(Jared Wright) #4

Thank you for clarification and elaboration, Andreas. Much appreciated.

(Elaine Nelson) #5

It has been repeated: The unions have ultimate authority on ordination so it really doesn’t matter the vote at San Antonio as the unions cannot be overruled.

(Marianne Faust) #6

Thank you Andreas! I might be wrong, but even here in Baden-Württemberg I haven’t heard voices against wo…

(Andreas Bochmann) #7

That’s why I think in most parts of Europe it’s a “non-issue” (remember the BRC of our division - EUD - voted their paper in favour of WO unanimously, and that would include some of the most conservative regions of Europe). Nevertheless, @rohantocharles is correct, I think:

(Jared Wright) #8

Elaine, this is a fairly significant point that seems to be lost on most people in advance of the GC Session and accompanying vote.

(Thomas J Zwemer) #9

I wonder how that will impact German studies. Tom Z

(George Tichy) #10

Right on time. The Europeans are sending a clear message that they are not intimidated by the GC, and whatever the GC is trying to do does not decrease the Unions’ rights to legislate on this issue at their level.

I bet many Europeans are considering the GC’s maneuver using the “__famous question” a joke, a truly ineffective move.

My prediction, again, is that after the NO vote in SA, many Unions will just push the button “GO.”

(George Tichy) #11

Andreas, sorry but I think you should not come to the US to help @elmer_cupino and me at that “Nut Clinic” We need you in Europe to work on those other issues. You are extremely good at it!!! :laughing:

(Andreas Bochmann) #12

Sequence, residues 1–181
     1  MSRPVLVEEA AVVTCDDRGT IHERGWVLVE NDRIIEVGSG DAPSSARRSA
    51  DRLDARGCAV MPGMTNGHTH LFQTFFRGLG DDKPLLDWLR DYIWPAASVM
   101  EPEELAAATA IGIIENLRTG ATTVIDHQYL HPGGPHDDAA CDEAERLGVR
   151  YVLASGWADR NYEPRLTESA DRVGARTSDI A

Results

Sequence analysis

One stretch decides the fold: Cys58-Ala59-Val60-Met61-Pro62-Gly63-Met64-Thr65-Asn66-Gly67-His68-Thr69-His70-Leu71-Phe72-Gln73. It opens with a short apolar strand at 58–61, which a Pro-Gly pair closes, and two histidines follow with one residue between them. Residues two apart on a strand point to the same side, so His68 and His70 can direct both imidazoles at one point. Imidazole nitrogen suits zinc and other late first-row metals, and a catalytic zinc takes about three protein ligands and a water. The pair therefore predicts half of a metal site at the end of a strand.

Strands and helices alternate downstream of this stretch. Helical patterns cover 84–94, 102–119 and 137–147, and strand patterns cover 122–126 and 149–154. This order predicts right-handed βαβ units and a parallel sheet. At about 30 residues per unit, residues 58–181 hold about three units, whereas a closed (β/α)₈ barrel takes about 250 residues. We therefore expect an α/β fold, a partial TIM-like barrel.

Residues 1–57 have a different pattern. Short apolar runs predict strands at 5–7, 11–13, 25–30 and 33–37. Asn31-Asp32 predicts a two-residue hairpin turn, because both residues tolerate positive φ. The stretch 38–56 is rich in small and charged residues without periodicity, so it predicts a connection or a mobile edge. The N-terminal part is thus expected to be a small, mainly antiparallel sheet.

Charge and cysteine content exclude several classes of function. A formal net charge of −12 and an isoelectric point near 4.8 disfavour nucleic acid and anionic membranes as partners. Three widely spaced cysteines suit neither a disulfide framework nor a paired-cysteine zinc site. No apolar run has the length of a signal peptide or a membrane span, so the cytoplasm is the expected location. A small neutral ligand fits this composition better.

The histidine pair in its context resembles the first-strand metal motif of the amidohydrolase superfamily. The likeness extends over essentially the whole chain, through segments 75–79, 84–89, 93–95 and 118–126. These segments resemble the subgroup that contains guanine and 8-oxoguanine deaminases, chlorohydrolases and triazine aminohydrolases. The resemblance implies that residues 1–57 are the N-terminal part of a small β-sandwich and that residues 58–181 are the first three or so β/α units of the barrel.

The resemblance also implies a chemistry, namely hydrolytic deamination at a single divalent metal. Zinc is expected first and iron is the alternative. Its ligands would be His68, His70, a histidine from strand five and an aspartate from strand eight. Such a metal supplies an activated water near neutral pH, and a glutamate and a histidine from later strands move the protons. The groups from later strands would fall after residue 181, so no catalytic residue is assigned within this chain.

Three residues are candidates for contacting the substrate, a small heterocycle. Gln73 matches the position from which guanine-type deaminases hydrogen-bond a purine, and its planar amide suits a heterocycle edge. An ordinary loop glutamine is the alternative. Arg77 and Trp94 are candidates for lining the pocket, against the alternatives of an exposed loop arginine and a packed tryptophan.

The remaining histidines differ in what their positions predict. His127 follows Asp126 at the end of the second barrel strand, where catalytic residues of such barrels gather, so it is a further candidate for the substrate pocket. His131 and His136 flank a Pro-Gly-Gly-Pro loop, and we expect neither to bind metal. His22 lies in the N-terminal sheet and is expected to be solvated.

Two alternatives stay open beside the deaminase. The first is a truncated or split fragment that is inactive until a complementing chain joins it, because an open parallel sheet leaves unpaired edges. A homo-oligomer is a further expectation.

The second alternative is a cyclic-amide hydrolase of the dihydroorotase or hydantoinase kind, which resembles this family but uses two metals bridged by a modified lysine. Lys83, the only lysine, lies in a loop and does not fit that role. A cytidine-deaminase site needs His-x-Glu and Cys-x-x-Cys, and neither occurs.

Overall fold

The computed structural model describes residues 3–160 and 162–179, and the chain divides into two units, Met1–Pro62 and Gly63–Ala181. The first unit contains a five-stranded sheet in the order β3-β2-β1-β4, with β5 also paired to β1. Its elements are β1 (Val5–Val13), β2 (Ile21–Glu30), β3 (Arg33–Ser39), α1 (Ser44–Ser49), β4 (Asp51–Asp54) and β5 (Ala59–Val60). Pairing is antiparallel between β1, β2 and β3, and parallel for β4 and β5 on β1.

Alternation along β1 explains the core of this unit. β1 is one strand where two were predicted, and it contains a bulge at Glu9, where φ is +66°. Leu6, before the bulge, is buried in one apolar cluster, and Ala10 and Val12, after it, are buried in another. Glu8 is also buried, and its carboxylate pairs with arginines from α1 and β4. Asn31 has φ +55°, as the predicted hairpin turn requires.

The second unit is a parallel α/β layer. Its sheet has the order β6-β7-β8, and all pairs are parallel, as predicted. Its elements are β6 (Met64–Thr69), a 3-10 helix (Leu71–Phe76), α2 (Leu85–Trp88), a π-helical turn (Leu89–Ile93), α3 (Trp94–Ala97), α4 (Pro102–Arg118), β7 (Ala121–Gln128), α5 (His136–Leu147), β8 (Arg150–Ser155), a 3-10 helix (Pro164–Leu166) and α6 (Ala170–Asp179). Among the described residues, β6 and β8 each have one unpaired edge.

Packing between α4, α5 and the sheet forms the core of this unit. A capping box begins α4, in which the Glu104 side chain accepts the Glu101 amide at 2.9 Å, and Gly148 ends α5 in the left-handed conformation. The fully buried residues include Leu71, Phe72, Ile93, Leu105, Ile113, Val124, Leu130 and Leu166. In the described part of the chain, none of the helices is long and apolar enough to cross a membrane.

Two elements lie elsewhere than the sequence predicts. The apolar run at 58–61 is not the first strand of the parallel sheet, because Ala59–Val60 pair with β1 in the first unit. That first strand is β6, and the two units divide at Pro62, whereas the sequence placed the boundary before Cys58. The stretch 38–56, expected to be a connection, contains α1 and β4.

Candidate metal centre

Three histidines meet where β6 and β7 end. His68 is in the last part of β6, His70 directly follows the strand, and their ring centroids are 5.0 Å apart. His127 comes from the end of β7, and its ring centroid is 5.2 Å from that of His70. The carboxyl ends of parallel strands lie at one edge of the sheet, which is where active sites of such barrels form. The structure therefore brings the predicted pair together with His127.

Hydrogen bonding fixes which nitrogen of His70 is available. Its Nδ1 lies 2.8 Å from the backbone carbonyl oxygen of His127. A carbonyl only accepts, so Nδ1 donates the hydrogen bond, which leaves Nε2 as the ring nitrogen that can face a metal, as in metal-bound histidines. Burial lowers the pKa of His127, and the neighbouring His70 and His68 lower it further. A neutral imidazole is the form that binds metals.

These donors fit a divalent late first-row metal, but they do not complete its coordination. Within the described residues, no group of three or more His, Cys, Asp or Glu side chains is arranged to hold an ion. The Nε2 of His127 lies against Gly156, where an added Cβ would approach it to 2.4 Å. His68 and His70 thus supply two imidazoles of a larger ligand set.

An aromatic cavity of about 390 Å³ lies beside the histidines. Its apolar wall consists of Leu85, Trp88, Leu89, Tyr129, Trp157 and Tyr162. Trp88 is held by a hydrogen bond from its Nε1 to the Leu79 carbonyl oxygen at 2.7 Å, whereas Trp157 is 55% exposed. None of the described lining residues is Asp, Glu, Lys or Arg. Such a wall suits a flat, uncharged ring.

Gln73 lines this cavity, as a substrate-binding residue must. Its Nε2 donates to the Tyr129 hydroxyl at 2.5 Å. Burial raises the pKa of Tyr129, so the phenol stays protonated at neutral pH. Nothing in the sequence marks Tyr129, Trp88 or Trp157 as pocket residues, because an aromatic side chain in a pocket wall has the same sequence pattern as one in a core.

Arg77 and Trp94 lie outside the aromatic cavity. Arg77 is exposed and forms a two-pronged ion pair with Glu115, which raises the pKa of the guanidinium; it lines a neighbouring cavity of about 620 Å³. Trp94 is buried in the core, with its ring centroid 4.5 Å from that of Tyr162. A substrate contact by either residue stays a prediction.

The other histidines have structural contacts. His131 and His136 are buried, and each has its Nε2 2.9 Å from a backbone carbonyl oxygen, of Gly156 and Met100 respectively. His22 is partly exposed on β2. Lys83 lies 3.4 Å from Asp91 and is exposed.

George, what other issues? We don’t have any. :flushed:

(George Tichy) #13

:+1: :+1: :+1: :+1: :+1:
You really made my day!!!
Danke schön!

(Andreas Bochmann) #14

There might be some truth to that - especially for those colleagues who have survived East German communism (apart from former West-Berlin the whole territory of the conference under discussion is in the former East), actual persecution, retribution, grave consequences for being Adventists. They don’t think it’s particularly funny the same thing is happening in their church now, but are willing to stand up against it - as they have learned to do when Stasi officers tried to lure them into compliance.

(George Tichy) #15

I can understand it.
This is in my blood as well. The story of my parents and brothers leaving their country twice* for the sake of freedom is a permanent reminder that “freedom is untouchable.”

*First time right before Hitler’s invasion, they fled to Belgium, but returned to Czech Republic after the war. Then they left again after the Communists took the government, this time to no longer return (though my Dad moved back in 1992, at the age 87 and lived there for another 5 years).

(Andrew) #16

I guess they will have to get rid of the Seminaries, according to Doug Batchelor’s etymology! :wink:

(Sirje) #17

…and mine. We come from the brave and the strong. No wonder we ended up here, never to be intimidated. :smile:

(Andrew) #18


Does this mean the GC can still thwart this?

(Elmer Cupino) #19

There is a threshold to putting up with “shenanigans.” At some point in time, one will have to stand up to what is universally espoused and there can be nothing more important than “being true” to your conscience.

Congratulations to your Union.

(George Tichy) #20

Well,… be careful with the WebEds… I think they may be Russians… :laughing: